Facet Joint Pain

Facet joints are located in the spineand are intended to help support its weight and control the movement of vertebrae. They are located behind and between the vertebrae and may sometimes cause pain whenever they are inflamed or injured.

Pain Causes

As people age, their spine naturally deteriorates over time. Some of the soft cartilage between the vertebrae may wear out, causing them to rub together whenever a person moves. People with any type of degenerative spine disorder can experience pain in the facet joint no matter what their age. An accident that results in injury to the back could also result in joints that are painful. Excess wear caused by a great deal of heavy lifting can also result in the wearing of joints along the spinal column.

Who May Experience it?

Facet joint pain is most commonly felt by those who have been diagnosed with osteoarthritis. Those who work in an occupation that requires heavy lifting are also at risk of developing this disorder. Any time a person has a slipped disc, they are at risk of developing this type of pain. People who develop bone spurs on their vertebrae often find these spurs also affect the facet joints that surround them, thereby resulting in a great deal of pain. This condition may be somewhat hereditary, as those who have a degenerative spine disorder are more likely than others are to experience this syndrome.

Prevention

There are several things a person can do to prevent problems relating to the facet joint. When lifting, it is important to stoop rather than bend at the waist. People should also avoid twisting their bodies whenever they are carrying heavy weight. Attempting to lift weight that is too heavy is not recommended. Doing exercises to strengthen back muscles may help to stabilize the vertebrae, thereby reducing the odds that an individual will experience pain in this area.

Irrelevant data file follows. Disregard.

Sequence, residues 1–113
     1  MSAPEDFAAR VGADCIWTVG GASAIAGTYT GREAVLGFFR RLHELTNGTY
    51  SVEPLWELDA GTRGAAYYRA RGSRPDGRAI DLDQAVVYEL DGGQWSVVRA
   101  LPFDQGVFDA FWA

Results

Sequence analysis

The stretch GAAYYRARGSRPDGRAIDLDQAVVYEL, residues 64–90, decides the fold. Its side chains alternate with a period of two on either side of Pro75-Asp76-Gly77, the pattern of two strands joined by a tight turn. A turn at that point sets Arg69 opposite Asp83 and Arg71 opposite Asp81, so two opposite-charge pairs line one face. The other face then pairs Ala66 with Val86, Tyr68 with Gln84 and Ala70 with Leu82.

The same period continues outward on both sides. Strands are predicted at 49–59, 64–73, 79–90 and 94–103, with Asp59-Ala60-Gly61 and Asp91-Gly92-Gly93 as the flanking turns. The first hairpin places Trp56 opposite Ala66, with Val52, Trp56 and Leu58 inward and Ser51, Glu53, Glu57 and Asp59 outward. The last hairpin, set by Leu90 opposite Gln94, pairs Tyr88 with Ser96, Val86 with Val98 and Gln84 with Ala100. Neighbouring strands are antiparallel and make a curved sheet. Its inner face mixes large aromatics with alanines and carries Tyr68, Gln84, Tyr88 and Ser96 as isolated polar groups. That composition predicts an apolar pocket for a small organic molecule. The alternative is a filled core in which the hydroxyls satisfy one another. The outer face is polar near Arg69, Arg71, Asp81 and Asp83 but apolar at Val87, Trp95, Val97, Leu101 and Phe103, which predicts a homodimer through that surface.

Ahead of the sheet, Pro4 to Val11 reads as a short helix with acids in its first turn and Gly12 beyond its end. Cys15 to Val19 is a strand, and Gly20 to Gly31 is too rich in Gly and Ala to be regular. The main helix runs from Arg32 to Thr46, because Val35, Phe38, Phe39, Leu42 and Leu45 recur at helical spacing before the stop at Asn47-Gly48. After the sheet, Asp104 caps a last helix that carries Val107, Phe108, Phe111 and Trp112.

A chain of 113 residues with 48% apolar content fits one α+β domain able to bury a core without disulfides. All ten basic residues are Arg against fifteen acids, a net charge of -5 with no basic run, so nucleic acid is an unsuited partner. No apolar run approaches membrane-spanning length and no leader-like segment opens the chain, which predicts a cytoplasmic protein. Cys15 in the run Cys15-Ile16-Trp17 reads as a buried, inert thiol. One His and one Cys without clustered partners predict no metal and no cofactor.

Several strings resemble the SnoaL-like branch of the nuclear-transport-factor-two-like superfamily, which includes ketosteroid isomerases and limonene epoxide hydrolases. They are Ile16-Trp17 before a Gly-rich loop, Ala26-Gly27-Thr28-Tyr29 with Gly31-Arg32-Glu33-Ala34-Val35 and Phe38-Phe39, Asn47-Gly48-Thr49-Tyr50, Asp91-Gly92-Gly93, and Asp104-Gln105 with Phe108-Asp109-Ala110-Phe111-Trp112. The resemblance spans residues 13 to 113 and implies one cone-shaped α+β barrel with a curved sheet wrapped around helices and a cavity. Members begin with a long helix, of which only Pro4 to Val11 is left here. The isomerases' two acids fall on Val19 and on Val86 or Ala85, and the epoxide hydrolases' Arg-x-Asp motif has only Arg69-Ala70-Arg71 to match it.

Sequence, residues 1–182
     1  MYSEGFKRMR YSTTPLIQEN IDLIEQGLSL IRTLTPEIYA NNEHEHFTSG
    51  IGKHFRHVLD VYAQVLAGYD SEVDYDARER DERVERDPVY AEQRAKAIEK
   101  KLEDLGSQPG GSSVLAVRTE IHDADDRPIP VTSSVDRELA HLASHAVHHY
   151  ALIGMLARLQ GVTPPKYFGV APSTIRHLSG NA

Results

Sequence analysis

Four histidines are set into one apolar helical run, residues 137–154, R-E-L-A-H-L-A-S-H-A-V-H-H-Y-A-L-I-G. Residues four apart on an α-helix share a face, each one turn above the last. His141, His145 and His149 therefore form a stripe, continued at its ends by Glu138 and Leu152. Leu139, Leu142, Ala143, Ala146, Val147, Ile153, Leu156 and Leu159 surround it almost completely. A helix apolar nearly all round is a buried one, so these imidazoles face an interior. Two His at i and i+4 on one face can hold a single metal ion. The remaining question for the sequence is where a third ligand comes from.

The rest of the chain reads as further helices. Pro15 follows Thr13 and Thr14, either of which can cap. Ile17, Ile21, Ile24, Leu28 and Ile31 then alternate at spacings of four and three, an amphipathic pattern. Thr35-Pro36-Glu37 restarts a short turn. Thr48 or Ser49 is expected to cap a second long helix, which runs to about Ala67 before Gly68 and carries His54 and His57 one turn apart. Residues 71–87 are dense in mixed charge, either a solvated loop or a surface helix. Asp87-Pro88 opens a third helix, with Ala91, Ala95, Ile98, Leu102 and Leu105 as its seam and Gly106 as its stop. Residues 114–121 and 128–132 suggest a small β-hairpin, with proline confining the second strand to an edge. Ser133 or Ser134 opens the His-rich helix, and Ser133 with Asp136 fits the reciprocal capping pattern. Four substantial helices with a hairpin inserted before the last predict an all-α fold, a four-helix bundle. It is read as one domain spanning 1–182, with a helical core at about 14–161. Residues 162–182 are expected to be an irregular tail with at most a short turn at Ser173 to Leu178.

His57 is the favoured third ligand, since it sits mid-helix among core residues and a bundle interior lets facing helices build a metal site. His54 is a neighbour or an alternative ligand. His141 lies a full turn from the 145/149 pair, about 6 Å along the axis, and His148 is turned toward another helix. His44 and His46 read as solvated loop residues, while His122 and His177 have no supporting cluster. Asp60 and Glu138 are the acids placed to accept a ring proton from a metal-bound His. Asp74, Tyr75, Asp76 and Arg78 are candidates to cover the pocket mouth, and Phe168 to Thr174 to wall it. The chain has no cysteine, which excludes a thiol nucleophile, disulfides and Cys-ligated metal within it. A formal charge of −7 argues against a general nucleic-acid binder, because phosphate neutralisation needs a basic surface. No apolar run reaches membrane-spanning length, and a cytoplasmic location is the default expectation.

Symptoms

One of the most common symptoms of facet joint pain involves spasms that may occur in the upper, middle or lower back. This pain may radiate into the buttocks and upper leg when the affected joint is in the lower back, and extend into the arms and shoulders whenever there is irritation in the upper back. Patients might also notice pain whenever they bend forward or backwards. The back might sometimes be tender to the touch. It can often be difficult to distinguish pain in the facet joint from other types of back pain because the symptoms are relatively similar, so an x-ray is normally taken to make a firm diagnosis.

Facet joint pain does not always occur immediately after a triggering event. As a result, people may not know they have damaged this joint and continue to put stress on it. By the time the pain is discovered, the back may have already received additional trauma. Although it often comes and goes, this disorder should not be ignored because these joints will only continue to deteriorate over time.